At first light, I was dropped off in the backwoods of Georgia; all that I could hear was my own nervous laughter; all that I could feel was my body trembling with anticipation; all that I could see was 3500km of trail before me.
After months of preparation...I had finally arrived at the at the southern terminus of the Appalachian Trail.
Backpack on and trail runners tied tight, with my first step I committed myself to 5 months of dehydrated food, sleeping in a tent, and the adventure of a lifetime. I knew I was going to learn a lot while on the trail. What I didn't expect to learn was gratitude, patience, and trust.
Ankles were rolled and tears were shed while collapsed in the middle of the trail. A lesson was learned; I had to ask for help. Shin splints crippled me. Daily mileage dropped from 48km to 16km; wincing with every step. Two amazing individuals drove out of their way to pick me up and let me stay at their house. They fed me. They did my laundry. They gave me a bed to sleep in. My mind was blown.
A week prior I had never met these individuals, but yet they welcomed me into their home. Living in the woods I hadn't showered in two weeks or done laundry in four. Now, I found myself being able to flick a switch and there would be light. I could lift a leaver and COLD water would come gushing out. I could open a magical door and find fresh food. I wasn't hallucinating, it was all real. These people had opened their hearts and welcomed me. It was one of the many selfless acts I would experience along this trail.
People didn't care what your socioeconomic status was, what clothes you wore, or the fact that you had been wearing those same clothes everyday for the past month. They simply wanted you to succeed. Everyone lived in the elements together and faced the same soul crushing trail. If you were hungry and someone had extra food, they gave it to you. If you needed a place to sleep, people made room for you. It was the most supportive environment I had ever been apart of. It was a family.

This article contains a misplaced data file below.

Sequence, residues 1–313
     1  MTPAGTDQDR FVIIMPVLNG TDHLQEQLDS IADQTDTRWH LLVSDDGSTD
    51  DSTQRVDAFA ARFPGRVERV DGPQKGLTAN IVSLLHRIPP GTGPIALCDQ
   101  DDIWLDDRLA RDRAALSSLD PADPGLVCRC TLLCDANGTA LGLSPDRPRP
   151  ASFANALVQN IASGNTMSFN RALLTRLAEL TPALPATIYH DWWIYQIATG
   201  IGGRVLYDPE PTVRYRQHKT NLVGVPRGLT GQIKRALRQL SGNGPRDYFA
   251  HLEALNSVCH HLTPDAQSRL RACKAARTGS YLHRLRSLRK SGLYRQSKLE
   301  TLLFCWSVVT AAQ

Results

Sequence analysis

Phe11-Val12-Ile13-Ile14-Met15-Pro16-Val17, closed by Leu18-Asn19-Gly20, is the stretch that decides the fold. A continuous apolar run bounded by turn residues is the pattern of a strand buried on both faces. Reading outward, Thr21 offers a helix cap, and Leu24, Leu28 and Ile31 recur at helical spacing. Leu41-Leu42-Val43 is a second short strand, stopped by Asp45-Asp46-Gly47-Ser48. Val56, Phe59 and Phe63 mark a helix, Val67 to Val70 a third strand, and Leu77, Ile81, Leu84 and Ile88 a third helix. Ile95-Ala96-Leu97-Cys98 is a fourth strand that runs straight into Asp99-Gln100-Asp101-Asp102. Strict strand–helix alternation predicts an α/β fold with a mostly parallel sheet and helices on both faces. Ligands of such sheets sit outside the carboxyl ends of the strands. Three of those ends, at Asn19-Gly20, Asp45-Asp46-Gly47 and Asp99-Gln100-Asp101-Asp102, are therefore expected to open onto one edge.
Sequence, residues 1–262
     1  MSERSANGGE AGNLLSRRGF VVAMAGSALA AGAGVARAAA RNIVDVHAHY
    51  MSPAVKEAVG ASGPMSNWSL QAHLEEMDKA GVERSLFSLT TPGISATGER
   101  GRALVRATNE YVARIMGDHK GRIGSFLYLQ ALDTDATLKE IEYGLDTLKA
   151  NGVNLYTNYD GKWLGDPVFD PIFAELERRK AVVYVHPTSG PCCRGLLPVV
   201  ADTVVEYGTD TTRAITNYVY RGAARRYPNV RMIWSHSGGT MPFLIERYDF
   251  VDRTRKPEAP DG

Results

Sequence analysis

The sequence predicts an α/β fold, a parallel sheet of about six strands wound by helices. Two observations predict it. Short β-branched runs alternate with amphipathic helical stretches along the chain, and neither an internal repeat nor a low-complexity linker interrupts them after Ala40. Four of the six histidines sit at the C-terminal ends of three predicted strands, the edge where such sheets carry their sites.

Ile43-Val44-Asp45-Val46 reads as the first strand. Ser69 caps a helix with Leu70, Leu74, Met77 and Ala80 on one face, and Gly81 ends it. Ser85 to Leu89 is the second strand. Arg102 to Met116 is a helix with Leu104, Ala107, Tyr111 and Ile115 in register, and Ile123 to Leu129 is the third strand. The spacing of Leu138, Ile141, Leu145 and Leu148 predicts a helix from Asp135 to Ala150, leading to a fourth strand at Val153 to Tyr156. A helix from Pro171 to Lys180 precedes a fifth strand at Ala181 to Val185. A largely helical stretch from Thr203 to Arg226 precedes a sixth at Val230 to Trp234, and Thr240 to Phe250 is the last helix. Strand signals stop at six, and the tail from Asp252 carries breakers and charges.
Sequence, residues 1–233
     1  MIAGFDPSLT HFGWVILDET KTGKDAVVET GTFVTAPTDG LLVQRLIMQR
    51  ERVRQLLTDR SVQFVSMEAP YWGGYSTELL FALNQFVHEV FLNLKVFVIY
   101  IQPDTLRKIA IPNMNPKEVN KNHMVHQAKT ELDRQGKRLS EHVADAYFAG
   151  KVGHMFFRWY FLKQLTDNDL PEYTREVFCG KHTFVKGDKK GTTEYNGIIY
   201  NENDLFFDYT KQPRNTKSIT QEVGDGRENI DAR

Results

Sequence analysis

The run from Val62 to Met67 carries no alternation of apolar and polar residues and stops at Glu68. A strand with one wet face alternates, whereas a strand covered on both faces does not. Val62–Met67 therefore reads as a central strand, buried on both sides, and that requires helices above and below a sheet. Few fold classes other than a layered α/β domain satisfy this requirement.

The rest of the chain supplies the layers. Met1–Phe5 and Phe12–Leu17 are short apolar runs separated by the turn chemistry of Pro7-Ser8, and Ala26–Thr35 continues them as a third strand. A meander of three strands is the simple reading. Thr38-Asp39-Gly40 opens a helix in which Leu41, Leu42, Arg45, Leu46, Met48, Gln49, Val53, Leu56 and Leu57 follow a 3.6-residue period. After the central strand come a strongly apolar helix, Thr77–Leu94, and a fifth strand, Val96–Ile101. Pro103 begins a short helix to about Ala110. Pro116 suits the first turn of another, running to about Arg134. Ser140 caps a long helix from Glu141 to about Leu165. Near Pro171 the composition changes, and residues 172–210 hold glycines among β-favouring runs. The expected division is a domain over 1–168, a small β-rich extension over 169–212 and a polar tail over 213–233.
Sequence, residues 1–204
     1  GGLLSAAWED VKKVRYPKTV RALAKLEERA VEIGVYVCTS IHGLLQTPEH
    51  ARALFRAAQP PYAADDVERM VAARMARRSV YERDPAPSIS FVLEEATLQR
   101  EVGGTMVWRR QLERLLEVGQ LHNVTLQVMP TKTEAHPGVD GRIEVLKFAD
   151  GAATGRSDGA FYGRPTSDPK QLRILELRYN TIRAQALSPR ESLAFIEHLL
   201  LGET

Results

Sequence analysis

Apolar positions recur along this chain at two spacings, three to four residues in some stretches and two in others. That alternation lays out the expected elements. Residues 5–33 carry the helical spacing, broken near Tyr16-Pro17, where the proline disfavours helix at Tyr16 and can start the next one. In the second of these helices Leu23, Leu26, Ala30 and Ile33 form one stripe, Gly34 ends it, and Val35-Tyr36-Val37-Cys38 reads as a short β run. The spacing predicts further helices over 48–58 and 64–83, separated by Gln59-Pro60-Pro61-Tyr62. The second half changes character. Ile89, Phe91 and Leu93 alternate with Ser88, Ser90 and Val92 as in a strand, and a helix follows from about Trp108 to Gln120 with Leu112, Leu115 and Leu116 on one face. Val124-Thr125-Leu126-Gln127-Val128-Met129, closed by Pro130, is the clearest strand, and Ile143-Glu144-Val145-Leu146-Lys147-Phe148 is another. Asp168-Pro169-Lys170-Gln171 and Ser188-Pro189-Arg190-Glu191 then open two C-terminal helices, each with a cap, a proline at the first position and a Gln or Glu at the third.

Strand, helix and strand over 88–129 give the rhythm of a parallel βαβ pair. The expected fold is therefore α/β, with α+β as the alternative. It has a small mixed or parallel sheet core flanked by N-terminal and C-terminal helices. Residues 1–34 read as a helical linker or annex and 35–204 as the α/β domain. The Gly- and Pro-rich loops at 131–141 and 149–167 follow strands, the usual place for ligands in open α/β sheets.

Spending 5 months living in a tent was the greatest thing I could have ever have done. I don't regret a single day or a single dollar I missed earning from taking 7 months off work. Was I reminded of my core values? 100%. Would I do it again? YOU BET!
My advice to you? Get outside and see what there is to been seen. It might just surprise you.
- The Trail is roughly 3,500 km long, passing through 14 states.
- Thousands of volunteers maintain the trail.
- More than 250 three-sided shelters exist along the Trail.
- Virginia is home to the most miles of the Trail (about 550), while West Virginia is home to the least (about 4).
- The total elevation gain of hiking the entire A.T. is equivalent to climbing Mt. Everest 16 times.
- 2 in 10 who attempt a thru-hike successfully completes the journey
- Hikers usually adopt “trail names” while hiking the Trail. They are often descriptive or humorous. Examples are “Eternal Optimist,” “Thunder Chicken,” and “Crumb-snatcher".(Message me to find out my trail name)